For Le Du, wine pairing is like music. A meal starting with a Vouvray demi-sec and ending with a ruby Banyuls is like creating an entirely new song. He is similarly proud of the proprietary “Daniel” label wines he has created in conjunction with Boulud, including a special cuvée and a 1998 Bordeaux. Next up, of course: a Daniel Rhône. A sign of the times in the new New York.
Doug Polaner distributes wine, not spirits, but the crux of his business centres on something he calls the “soul patrol.” His philosophy when choosing a wine: does it have real character? Most wines, he feels, don’t, instead relying on fruit and oak, rather than traditional winemaking and the nature of the grapes.
Polaner, 38, rejects 95% of the wines submitted for distribution. ‘We want to focus on the unusual,’ he says. Such soulful discretion has made his Douglas Polaner Selections New York’s fastest growing wholesaler and importer. In 1999, his first year in business, Polaner sold 8,000 cases; this year, he will clear around 70,000, distributed exclusively to New York wine shops and restaurants, including Jean-Georges, Gramercy Tavern and Babbo.
As Polaner’s sales go, so go the wine list selections, and diversity is the trend. ‘Better restaurants are de-emphasising Chardonnay and Merlot, and people are responding,’ he says. Accordingly, like Zachys, as a percentage he’s moving less Bordeaux and a lot less California. Part of the reason is economic: the current slump has made New York wine drinkers more value-oriented. But the city’s palate explains still more. ‘People are more open to new tastes, new flavours, new grapes.’ That means a big boost to sales of Riesling, Sauvignon Blanc and Syrah.
Polaner has also been pushing Lagrein and Freisa from Italy and Grüner Veltliner from Austria. He enjoys trying to make a name for such unsung bottles. After all, he’s a former advertising executive who entered the wine world in search of a change.
His formative experience was a six-year stint at a major New York wine importer and distributor. In 1999, he broke out on his own. ‘I went as far as I could there,’ he says. ‘If I was ever going to take a risk, that was the time to do it.’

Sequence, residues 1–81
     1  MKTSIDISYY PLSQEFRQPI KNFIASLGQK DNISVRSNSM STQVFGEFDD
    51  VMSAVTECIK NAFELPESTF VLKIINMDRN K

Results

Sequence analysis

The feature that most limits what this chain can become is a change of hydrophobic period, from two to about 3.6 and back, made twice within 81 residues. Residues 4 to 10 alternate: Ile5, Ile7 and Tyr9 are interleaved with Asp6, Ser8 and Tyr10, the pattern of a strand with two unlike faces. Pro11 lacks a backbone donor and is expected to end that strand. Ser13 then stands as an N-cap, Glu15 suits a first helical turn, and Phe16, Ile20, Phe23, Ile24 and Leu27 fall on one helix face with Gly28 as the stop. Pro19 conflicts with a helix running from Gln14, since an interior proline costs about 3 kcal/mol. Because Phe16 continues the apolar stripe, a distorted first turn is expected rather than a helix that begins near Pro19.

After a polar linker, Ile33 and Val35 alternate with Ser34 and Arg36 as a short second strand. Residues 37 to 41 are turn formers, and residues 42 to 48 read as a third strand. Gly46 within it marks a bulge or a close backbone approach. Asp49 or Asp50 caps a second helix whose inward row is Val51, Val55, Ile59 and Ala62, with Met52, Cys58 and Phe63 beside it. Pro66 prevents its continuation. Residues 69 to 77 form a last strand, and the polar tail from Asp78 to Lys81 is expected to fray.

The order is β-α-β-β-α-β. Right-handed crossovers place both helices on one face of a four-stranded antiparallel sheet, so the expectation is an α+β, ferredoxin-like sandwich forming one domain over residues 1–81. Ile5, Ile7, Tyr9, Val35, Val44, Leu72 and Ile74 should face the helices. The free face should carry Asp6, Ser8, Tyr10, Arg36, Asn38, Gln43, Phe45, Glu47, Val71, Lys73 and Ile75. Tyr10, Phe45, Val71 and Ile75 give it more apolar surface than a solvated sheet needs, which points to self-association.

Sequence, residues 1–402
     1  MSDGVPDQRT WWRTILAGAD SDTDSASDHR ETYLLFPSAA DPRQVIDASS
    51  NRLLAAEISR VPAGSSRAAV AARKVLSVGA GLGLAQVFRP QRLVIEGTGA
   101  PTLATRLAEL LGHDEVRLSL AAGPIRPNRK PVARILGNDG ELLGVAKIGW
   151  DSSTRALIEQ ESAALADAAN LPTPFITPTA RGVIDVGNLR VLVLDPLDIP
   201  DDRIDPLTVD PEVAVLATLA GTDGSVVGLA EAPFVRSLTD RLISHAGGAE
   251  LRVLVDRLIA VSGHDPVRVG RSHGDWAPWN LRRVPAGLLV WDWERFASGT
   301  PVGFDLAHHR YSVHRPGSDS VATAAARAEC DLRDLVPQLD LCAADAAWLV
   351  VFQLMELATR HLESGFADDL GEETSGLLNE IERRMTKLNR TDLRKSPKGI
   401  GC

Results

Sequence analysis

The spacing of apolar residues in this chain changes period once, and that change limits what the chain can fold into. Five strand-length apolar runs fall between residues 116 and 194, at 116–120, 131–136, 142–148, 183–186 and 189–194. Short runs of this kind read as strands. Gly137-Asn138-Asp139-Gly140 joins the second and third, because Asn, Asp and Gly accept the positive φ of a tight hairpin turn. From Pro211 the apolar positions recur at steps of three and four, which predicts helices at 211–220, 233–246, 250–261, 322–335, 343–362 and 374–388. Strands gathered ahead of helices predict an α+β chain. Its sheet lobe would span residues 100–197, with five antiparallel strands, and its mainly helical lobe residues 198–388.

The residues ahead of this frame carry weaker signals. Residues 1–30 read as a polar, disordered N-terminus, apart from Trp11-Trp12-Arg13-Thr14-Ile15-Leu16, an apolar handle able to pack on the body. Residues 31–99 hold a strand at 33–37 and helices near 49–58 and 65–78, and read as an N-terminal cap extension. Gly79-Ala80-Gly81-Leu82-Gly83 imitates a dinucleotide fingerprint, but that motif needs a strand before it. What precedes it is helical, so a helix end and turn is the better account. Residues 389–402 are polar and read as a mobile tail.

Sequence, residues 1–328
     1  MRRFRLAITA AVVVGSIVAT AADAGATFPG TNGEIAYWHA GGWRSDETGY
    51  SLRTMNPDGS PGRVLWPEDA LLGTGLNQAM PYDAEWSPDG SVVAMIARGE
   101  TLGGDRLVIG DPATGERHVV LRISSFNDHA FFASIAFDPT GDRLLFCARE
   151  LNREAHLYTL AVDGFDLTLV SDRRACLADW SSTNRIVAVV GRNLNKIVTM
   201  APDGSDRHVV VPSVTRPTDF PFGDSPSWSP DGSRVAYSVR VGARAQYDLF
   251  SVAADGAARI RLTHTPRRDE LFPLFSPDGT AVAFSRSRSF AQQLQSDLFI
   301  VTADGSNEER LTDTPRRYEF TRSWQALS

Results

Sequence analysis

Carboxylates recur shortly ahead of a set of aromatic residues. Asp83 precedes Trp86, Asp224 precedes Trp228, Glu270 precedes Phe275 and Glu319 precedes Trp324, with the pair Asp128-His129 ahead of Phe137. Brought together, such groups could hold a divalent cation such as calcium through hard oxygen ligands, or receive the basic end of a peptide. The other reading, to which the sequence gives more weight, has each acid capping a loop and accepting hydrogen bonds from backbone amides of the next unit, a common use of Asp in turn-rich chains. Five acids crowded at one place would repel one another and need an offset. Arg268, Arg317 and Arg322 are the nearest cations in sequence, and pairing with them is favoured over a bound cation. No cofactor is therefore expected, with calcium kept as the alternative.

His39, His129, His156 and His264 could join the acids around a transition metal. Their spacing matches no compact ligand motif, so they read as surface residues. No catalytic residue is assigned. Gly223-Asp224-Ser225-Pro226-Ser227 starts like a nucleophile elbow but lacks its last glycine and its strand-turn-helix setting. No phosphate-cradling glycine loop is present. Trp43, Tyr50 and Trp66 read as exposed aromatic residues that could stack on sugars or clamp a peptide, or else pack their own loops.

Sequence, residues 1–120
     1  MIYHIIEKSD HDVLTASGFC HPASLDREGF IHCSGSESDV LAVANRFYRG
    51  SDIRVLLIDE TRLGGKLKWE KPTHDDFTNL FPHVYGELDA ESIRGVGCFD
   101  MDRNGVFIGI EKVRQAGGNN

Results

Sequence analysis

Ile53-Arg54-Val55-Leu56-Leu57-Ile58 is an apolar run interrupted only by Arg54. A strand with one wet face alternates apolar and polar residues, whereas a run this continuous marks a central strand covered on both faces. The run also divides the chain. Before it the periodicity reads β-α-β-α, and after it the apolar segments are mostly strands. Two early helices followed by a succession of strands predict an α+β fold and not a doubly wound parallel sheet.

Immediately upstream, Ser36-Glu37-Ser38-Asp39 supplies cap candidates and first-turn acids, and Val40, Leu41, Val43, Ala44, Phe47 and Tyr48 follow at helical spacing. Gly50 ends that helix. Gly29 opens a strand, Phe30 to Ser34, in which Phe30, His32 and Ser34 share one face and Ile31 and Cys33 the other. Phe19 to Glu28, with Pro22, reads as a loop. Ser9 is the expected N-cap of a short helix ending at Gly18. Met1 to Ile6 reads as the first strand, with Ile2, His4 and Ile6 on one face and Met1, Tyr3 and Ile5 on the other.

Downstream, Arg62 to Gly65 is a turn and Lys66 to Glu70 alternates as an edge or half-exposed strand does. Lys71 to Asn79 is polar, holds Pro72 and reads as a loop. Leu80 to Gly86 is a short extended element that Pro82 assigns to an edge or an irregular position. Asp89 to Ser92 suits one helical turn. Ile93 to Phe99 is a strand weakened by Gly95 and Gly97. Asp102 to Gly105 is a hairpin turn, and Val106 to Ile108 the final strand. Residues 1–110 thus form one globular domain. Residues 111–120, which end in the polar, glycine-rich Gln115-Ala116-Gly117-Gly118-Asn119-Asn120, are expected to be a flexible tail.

Young and bright, with the soft-brown bob and accessible manor of a breakfast show anchor, Andrea Immer looks nothing like the sommelier stereotype of a self-important middle aged man in a tuxedo. Combine the 34-year-old’s appearance with a blue-chip pedigree – three books on wine while becoming the first US woman to achieve master sommelier certification – and you have the makings of a superstar.
Immer likes where New York is heading right now. ‘Restaurants are becoming more creative and emphasising things that are new and different and better value,’ she says. Immer sees most of the attention focused on value-priced European bottles, especially from Tuscany.
European classics have always been her speciality, heeding the advice of her mentor Kevin Zraly. When she was still working at Morgan Stanley, she would sit in on Zraly’s classes in exchange for cleaning up afterwards. Zraly hired her at Windows on the World after she spent six months traveling the wine regions of Europe, and her career has emulated his: she’s gained renown as a teacher – she is now the wine pairing dean at the French Culinary Institute – and as a writer.
Her most recent book, Great Tastes Made Simple, pushes her new cause: using wine as way to make Americans treat their meals more like Europeans. ‘We over-eat and we don’t make mealtime what it could be and should be – sitting down and making eye contact with other humans. Wine really makes you stop for a second.’
Here’s a little math formula that explains what makes Tim Kopec’s job so hard. Veritas, the restaurant where Kopec is wine director, has only 58 seats. But its list boasts over 3,000 selections. Which means that each diner could personally order 50 different bottles.
‘Whatever it is,’ says Kopec, 37, ‘we have more of it, we have better, and we have the most vintages.’ Such breadth requires three inventory programmes, and encyclopaedic knowledge by Kopec, who posts the gargantuan list, probably the biggest in America, on the Internet so patrons can review it ahead of time. But it also has unique rewards: Kopec has free rein to indulge his passions. His personal favourite is Burgundy, and thus three pages are dedicated solely to Gevrey-Chambertin. He also enjoys vertical tastings: thus 35 vintages of Pétrus.
The restaurant’s co-owners have been collecting wine since the 1960s, and this forms the backbone of the list. It’s up to Kopec to add from newer, different regions.
Kopec’s parents exposed him to good food growing up, and he caught the wine bug after taking a course with his Mom. He attended the Culinary Institute of America, and from there worked as a sommelier at Montrachet. Happy there, he nonetheless recognised the opportunity that Veritas would provide. He tracked down the owners and made a direct pitch: ‘This is the place I should be.’
Randall Lane is the wine columnist for Time Out New York.
Written by RANDALL LANE